The Senate began the session at 10 a.m. and was originally supposed to wrap up discussion by 1 p.m. But senators extended the session and didn’t wrap up until after 6 p.m.

It was clear that senators were divided on the bill, and not just on party lines. While crafted by Republicans, some GOP senators still opposed it because they don’t agree with raising the minimum age to guy a rifle from 18 to 21 or requiring a waiting period to buy the weapons.

Democrats believe the legislation doesn’t go far enough in some ways and too far in others. And while some oppose the bill, others believe it’s at least a first step toward gun safety.


Official Washington, press trade humorous jabs at Gridiron

WASHINGTON — Long the subject of barbed tweets from President Donald Trump, members of the Washington press corps sharpened their wits for musical and rhetorical takedowns of the president, Hillary Clinton, Barack Obama and others Saturday night at the annual dinner of the Gridiron Club and Foundation.

Trump accepted an invitation to the 133rd anniversary dinner, his first given that he declined to attend last year. The event traces its history to 1885, the year President Grover Cleveland refused to attend. Every president since has come to at least one Gridiron.

“Rest assured, Mr. President, this crowd is way bigger than Cleveland’s,” Club President David Lightman, congressional editor for McClatchy News, told the white-tie audience at the Renaissance Washington Hotel, according to prepared remarks released ahead of the event.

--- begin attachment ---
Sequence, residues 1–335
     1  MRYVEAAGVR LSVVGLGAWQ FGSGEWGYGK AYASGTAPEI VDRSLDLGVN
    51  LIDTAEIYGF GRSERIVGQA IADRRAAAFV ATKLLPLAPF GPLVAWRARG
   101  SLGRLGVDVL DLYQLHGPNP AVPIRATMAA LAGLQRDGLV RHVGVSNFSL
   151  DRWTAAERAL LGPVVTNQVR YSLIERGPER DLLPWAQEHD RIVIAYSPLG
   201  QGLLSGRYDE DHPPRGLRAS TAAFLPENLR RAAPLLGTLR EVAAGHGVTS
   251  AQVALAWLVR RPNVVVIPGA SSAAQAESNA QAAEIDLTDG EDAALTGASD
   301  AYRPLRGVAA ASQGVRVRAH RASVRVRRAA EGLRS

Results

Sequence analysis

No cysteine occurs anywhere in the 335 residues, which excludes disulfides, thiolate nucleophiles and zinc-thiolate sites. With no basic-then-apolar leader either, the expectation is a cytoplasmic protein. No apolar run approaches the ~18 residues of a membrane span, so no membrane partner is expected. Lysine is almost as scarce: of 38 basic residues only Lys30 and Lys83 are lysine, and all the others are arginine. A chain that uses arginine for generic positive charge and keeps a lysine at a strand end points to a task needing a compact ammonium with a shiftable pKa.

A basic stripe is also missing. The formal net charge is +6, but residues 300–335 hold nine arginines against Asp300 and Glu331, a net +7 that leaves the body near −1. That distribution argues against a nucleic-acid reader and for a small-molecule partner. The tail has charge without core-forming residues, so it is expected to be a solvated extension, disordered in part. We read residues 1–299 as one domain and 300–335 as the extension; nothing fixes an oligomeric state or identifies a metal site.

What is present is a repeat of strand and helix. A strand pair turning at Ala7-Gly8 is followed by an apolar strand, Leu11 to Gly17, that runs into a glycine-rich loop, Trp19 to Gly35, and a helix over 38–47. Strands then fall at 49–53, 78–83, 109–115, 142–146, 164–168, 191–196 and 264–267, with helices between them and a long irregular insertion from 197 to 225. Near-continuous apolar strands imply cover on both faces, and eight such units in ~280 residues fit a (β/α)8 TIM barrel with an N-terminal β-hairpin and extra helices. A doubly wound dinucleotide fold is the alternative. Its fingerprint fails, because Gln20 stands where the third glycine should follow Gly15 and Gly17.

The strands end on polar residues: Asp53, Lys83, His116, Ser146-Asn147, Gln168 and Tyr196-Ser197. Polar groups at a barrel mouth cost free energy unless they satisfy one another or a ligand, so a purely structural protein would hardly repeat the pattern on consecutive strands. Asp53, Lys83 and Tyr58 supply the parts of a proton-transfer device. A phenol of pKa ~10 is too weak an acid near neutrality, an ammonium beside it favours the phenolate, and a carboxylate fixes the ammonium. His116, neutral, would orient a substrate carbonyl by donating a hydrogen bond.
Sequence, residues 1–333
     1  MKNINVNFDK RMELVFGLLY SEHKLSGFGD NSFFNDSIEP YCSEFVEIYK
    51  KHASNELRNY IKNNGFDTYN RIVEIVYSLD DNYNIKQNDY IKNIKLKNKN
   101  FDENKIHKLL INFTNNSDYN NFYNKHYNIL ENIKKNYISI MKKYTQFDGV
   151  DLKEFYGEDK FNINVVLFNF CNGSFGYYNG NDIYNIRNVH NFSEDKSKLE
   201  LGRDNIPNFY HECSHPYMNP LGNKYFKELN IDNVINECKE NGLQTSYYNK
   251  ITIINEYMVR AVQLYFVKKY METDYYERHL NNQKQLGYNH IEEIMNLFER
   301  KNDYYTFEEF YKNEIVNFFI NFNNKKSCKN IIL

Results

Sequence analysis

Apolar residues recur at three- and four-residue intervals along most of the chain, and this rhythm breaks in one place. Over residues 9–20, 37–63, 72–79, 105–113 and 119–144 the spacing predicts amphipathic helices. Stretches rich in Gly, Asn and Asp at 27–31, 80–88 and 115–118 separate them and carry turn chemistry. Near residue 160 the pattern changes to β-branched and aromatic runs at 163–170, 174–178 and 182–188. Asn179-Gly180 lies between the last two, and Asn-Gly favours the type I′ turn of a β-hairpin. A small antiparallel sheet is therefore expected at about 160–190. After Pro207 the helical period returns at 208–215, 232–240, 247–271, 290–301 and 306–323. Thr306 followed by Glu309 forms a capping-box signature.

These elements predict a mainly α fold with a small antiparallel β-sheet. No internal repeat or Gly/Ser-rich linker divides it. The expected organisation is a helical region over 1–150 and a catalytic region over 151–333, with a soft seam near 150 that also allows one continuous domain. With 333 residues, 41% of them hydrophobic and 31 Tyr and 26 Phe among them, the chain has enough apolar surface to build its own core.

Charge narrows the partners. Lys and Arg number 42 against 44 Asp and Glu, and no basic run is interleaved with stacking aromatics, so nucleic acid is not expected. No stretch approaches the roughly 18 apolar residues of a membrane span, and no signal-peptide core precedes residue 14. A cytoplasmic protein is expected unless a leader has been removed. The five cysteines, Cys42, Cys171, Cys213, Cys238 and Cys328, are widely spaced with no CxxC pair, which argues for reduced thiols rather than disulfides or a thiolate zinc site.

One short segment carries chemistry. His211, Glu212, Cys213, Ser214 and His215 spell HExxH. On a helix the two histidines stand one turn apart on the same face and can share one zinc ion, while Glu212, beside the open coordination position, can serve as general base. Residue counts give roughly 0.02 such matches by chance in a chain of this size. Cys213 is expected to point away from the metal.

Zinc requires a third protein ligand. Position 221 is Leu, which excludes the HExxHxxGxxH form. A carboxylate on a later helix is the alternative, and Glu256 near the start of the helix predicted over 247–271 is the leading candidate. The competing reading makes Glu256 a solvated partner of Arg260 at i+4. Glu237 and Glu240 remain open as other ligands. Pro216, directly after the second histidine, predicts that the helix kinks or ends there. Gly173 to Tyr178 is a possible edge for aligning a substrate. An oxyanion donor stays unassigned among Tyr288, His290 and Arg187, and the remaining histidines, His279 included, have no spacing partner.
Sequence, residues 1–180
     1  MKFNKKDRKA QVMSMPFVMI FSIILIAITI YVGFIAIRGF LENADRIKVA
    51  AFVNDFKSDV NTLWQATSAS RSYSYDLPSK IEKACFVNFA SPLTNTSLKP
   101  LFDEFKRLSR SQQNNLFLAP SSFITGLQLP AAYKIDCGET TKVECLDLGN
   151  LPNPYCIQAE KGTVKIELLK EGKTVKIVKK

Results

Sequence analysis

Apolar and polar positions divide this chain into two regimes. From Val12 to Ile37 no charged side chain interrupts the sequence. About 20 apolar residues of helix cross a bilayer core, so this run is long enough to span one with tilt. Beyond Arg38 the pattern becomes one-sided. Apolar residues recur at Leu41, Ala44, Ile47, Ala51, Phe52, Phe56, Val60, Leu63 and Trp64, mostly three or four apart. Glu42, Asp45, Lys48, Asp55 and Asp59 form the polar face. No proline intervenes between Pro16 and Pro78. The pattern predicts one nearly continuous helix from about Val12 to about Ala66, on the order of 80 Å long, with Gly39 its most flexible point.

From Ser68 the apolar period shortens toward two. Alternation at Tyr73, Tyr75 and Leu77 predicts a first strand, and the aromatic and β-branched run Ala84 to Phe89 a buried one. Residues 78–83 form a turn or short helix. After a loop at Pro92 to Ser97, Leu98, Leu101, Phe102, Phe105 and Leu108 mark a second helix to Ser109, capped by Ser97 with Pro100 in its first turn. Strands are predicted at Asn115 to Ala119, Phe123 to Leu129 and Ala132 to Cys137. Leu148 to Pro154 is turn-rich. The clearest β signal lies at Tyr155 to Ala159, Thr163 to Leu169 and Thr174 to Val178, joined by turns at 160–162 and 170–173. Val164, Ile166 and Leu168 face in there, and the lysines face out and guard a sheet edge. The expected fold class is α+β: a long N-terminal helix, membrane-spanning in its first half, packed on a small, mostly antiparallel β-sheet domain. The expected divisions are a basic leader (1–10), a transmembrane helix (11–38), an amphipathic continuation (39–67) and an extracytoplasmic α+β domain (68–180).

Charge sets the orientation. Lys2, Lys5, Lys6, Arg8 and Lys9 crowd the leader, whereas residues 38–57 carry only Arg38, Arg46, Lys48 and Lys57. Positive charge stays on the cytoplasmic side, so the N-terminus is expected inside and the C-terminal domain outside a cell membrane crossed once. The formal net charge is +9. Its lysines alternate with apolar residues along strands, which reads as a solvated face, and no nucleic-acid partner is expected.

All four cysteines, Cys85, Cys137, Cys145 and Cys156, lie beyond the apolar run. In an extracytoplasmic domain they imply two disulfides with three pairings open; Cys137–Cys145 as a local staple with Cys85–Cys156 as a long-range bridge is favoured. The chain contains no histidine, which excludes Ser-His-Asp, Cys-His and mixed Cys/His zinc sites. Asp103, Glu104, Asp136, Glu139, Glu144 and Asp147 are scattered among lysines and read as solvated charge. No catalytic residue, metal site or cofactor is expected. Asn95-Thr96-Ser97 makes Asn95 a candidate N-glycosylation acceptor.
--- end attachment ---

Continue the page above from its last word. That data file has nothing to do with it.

Cleveland skipped the dinner because “he thought our columns were filled with ‘mean and cowardly lies,’” Lightman said. “He did, however, have a soft spot for ‘Fox &Friends.’”

Rebuttals were scheduled from one Republican, Sen. Tom Cotton of Arkansas, and one Democrat, New Orleans Mayor Mitch Landrieu.


Kansas voting rights trial has national implications

WICHITA, Kan. — A conservative Republican who has supported President Donald Trump’s unsubstantiated claim that millions of illegal votes cost Trump the popular vote in 2016 will have to prove Kansas has a problem with voter fraud if he’s to win a legal challenge to voter registration requirements he’s championed.

The case headed to trial starting Tuesday has national implications for voting rights as Republicans pursue laws they say are aimed at preventing voter fraud but that critics contend disenfranchise minorities and college students who tend to vote Democratic and who may not have such documentation readily available. Kansas Secretary of State Kris Kobach, who is running for governor and was part of Trump’s now-disbanded commission on voter fraud , has long championed such laws and is defending a Kansas requirement that people present documentary proof of citizenship — such as a birth certificate, naturalization papers or a passport — when they register to vote.

“Kansas is the site of the major showdown on this issue, and Kris Kobach has been such a prominent advocate for concerns about noncitizens voting and other fraudulent behavior. He essentially led the Trump commission on vote fraud and integrity and he has been a lightning rod — which makes him a hero to people on his side of the argument in trying to tighten up voting laws, but makes him kind of a mischief-maker and a distraction for people who are on the other side,” said Barry Burden, director of the Elections Research Center at the University of Wisconsin-Madison.

Courts have temporarily blocked Kobach from fully enforcing the Kansas law, with the 10th U.S. Circuit Court of Appeals in Denver calling it “a mass denial of a fundamental constitutional right.”